“Anyway, settlers and townspeople across North America wrote in their diaries about oceans of squirrels that would flood through the fields and over the mountains, as far as their eyes could see! Can you imagine it? It was like an infinite gray blanket. At times, whole tides of them were seen swimming across rivers, like the Hudson, and the Missouri, and the Ohio. Even Lewis and Clark witnessed a migration! In 1803. In southern Illinois in the 1880s, it was reported that four hundred fifty million squirrels ran through this one area, almost half a billion!”

“This is true?”

“Yes! It’s very well documented.”

“Sounds like a Hitchcock movie.”

For the record, she wished he’d said “Wow!” or “Amazing!” or something flavored with a little more curiosity and awe, because those mass migrations had always represented something phenomenal to her.

“The solidarity is what I love about it, all of them deciding it was time to go and then setting out together,” she tried, for she loved Richard Rorty’s writings on solidarity and had no trouble applying it to squirrels.

“Probably in a blind panic, burning with mange.”


“I don’t have the same feeling about squirrels, Veb.”

This was upsetting for some reason. Although Paul wasn’t the only person who thought squirrels were nasty, furry bastards with talons like birds and the cold hearts of reptiles.

Even Beatrix Potter’s The Tale of Squirrel Nutkin, a classic of children’s literature, by an introverted woman who generally adored small animals, offered up a pesky idiot-squirrel who riddles a landed authority figure into a fury. But was Nutkin as frivolous as he was made out to be? She had a few theories about that.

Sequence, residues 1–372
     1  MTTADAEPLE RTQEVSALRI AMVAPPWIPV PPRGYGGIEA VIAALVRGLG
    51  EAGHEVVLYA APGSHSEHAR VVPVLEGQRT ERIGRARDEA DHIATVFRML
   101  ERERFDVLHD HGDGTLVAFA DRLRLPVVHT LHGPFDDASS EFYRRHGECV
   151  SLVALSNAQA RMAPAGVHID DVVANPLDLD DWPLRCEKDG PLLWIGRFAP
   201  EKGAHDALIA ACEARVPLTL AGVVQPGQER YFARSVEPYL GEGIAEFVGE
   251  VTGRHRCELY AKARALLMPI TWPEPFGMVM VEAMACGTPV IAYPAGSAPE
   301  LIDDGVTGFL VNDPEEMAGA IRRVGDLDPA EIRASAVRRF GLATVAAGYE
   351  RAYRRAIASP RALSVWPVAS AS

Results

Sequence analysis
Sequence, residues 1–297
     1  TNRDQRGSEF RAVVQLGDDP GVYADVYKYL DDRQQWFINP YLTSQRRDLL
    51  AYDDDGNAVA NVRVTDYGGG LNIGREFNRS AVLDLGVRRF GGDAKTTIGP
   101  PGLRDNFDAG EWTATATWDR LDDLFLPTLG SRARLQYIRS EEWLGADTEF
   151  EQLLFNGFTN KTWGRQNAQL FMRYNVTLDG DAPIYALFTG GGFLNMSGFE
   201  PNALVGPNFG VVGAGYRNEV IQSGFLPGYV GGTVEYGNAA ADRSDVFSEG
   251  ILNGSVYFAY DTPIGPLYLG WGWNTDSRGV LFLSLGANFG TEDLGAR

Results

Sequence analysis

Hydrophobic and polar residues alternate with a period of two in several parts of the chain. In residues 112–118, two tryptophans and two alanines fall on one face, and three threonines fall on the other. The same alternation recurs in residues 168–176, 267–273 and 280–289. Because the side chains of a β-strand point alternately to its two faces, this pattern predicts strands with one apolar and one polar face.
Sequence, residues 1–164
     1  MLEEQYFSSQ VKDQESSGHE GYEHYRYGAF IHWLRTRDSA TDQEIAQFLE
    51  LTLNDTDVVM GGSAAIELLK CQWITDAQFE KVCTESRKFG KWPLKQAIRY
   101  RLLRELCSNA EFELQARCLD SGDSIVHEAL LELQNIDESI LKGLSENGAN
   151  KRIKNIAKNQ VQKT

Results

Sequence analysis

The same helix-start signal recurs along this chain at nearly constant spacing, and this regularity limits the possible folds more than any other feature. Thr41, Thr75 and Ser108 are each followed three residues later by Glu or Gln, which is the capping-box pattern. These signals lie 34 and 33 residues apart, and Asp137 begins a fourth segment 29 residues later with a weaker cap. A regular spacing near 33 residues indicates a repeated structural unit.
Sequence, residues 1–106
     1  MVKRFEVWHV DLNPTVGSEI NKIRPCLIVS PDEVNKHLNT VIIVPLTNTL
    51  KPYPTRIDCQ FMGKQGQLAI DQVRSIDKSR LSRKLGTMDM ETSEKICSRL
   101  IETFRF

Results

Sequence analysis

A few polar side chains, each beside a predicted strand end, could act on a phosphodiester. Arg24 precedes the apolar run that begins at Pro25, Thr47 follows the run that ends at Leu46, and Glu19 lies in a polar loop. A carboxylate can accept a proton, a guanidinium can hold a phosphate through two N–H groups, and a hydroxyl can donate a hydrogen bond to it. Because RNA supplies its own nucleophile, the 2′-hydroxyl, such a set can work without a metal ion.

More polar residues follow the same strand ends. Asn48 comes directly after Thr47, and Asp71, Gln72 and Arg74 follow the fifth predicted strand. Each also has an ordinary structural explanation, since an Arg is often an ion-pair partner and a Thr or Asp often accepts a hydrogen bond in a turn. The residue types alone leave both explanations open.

“Thorstein Veblen would say people hate squirrels,” she called up to him, “because that’s the only way to motivate expenditures on them — such as buying traps or guns. It’s the same with stirring up patriotic emotionalism, because it justifies expenditures for defense.”

“Uh, what?” He took the sleek apparatus in his grasping hands, then was back on the chair stuffing it somewhere in the dark close to the hatch. He said, “I’ll check it every day, you won’t have to think about it. I’ll take it up in the hills where it will live happily ever after. Okay?”

“Whatever, just do it!” she said, biting into her arm.

In addition to biting herself, another way Veblen dealt with emotional distress was to fixate on ideological concerns.

Unhappy that Paul was stuffing a trap into her attic, registering a loss of control that would come with a growing relationship and further compromise, she began to think bitterly about how phenomena in the natural world no longer inspired reverence and reflection, but translated instead into excuses for shopping sprees. Squirrels = trap. Winter’s ragged hand = Outdoor World. Summer’s dog days reigned = Target. Same with traditions — marriage was preceded by the longest shopping list of all, second only to the one after the birth of offspring.

“Paul, take this trap. You impute it with awesomeness because you acquired it and you now believe it’s the crystallization of your desires.”

“Can you bring me a piece of cheese or something?”

She trudged into the kitchen, to look for a snack a squirrel might not enjoy. She had an idea.

“Veblen?” he called.


“A piece of bread is fine.”

“Okay, just a minute.”

Shortly, she carried in a plate with her offering.

“What’s that?” asked Paul, peering down.

“Sauerkraut sprinkled with mace.”


“I hear they love it,” said Veblen.

She heard him set the plate into the trap with a clap.

Read more about Elizabeth McKenzie’s new novel The Portable Veblen here: